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The Dilemma Of Success: Are Good Athletes Born Or Made?

The dilemma that comes second to the endless chicken and egg debate is that of success.

Public speakers, former athletes, sports patrons and debaters have often argued over the notion: are athletes born or made?

Some names that instantly come to mind are LeBron James and Michael Phelps. One wonders whether to attribute their successes to their genes or call their accomplishments a reward of hard work.

The answer is: there is no absolute answer.

Here are some interesting revelations about the dilemma of success.

Athletic Genes

Those who claim that hard work, determination and practice are the only three things that made athletes become the names we know today are discounting the importance of nature.

It is not hard to believe that sportsmen training for the same amount of time don’t all turn out famous athletes.

It is also true that not everyone with the same talent will emerge equally successful. This is in part because of different levels of determination and effort put into polishing their talent.

Effort, Practice, and Learning

Research by Jowett and Spray (2013) has shown that you need a lot more

than sheer talent to polish your skills and add credibility to your performance. Popular players in this century can serve as examples of this phenomenon turned into reality.

Anyone who is faintly aware of the sports culture is familiar with the names Cristiano Ronaldo and Lionel Messi. Considered the top-class football players that are ranked highest worldwide, they serve as apt icons for exemplifying the argument.

A brief study of their history reveals factors that mostly contributed to their success today. Owing to their love for the sport, they had been playing football since the age of 5. At 12 years of age, they joined European Youth Football Academy and trained there. They maintained a code of discipline in following their practices and trainings regularly.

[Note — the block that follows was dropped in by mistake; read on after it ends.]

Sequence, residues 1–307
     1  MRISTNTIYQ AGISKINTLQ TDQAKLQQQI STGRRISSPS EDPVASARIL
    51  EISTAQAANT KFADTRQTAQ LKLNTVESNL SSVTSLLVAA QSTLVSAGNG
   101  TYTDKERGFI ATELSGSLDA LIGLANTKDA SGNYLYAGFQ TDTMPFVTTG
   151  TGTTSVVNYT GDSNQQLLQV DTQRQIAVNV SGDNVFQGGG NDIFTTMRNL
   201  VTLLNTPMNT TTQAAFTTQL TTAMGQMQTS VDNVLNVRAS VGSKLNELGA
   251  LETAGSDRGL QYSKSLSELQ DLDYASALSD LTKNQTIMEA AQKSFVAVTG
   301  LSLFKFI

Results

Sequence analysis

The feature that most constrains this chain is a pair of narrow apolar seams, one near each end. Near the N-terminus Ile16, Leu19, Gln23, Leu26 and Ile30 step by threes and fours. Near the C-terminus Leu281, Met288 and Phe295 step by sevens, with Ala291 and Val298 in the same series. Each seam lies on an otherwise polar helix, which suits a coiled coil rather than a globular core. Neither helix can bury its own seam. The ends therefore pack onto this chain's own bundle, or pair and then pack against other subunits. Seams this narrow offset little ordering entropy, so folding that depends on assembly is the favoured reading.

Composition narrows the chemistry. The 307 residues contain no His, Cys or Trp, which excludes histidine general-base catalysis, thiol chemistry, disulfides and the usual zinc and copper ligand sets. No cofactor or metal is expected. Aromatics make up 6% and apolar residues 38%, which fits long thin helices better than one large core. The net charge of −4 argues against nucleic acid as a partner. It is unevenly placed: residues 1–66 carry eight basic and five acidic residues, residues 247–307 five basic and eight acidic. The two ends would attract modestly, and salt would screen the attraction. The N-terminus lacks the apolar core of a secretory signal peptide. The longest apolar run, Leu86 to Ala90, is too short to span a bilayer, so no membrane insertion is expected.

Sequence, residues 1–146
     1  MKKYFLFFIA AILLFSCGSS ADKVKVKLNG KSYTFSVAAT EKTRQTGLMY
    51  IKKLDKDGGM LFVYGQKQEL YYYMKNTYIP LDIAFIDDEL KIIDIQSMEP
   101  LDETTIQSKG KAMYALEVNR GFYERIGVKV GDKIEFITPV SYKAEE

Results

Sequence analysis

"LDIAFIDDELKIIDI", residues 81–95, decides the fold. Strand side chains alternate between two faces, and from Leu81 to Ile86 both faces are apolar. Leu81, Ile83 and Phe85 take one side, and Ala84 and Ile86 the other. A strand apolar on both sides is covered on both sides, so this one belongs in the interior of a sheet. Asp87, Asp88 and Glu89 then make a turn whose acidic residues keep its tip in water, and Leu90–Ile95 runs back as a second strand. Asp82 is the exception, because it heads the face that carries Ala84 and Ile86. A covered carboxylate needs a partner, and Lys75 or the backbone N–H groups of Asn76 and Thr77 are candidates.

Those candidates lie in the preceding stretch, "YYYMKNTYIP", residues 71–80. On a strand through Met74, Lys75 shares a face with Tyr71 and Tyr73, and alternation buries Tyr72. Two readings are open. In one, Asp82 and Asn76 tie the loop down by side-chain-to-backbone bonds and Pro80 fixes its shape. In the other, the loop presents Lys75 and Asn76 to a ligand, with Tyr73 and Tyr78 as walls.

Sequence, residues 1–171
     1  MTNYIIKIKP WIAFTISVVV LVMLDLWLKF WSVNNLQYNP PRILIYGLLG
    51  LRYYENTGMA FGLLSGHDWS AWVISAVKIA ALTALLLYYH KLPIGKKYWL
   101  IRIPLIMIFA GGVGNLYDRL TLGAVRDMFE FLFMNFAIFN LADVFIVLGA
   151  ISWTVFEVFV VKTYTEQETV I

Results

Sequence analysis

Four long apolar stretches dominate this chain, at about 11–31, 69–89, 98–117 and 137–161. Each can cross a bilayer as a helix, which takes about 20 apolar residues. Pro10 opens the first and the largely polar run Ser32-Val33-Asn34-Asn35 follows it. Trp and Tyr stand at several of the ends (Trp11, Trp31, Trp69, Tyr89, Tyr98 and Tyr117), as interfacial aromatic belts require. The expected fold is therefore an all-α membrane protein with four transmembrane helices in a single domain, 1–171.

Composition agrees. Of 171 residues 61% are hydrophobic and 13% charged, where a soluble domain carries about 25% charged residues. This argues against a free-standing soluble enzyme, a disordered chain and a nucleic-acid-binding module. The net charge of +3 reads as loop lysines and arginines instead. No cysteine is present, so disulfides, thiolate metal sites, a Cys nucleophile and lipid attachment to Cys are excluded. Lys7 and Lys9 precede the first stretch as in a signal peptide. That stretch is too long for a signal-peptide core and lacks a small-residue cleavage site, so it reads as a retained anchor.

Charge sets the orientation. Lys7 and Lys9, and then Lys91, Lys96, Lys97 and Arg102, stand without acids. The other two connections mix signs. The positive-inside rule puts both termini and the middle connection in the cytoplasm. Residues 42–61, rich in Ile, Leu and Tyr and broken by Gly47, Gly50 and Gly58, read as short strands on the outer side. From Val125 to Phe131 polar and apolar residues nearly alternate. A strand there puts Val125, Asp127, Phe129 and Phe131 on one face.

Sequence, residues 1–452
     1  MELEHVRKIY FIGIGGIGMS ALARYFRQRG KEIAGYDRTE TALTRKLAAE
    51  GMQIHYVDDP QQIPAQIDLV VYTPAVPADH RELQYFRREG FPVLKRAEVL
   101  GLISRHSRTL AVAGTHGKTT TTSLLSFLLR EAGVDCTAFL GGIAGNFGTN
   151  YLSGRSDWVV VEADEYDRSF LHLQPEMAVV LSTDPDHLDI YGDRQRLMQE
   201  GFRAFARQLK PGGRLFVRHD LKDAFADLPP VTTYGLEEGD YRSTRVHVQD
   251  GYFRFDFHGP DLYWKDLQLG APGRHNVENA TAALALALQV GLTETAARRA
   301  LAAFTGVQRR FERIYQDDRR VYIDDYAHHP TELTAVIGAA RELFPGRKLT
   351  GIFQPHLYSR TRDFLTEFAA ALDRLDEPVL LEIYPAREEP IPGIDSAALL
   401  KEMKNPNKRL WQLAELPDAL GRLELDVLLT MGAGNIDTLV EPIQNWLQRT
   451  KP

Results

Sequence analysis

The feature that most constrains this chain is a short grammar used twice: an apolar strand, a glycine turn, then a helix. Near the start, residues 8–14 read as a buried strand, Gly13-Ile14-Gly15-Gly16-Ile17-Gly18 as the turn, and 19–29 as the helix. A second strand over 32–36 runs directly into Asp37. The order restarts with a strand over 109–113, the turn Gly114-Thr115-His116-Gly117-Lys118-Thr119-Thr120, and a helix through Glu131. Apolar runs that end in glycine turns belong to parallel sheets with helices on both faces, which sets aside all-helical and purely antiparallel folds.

How Practice Helped Hone/Combat Innate Qualities

Ronaldo’s former Manager and goalkeeper attest to the unfaltering discipline that kept him going until he became what he wanted. He was the first to be seen on the field and the last to leave on practice days. Success didn’t stop him from training either because he knew the value of practice. He still trains to become the best at the game and go beyond everyone’s expectations.

To defend the argument about nurture, there is no better example than Messi. Even though he was gifted, he also had growth hormone deficiency which was an innate problem inhibiting his potential.

FC Barcelona was the only club willing and able to cover Messi’s medical expenses and put its faith in his abilities. If it was not for their support and his perseverance, he wouldn’t be the Messi we know today!

These personalities are enough examples for us to evaluate the dilemma of success. Talent and natural abilities are the license to get into the industry. But practice and training are the tools of survival needed to deal with the pressure and competition.

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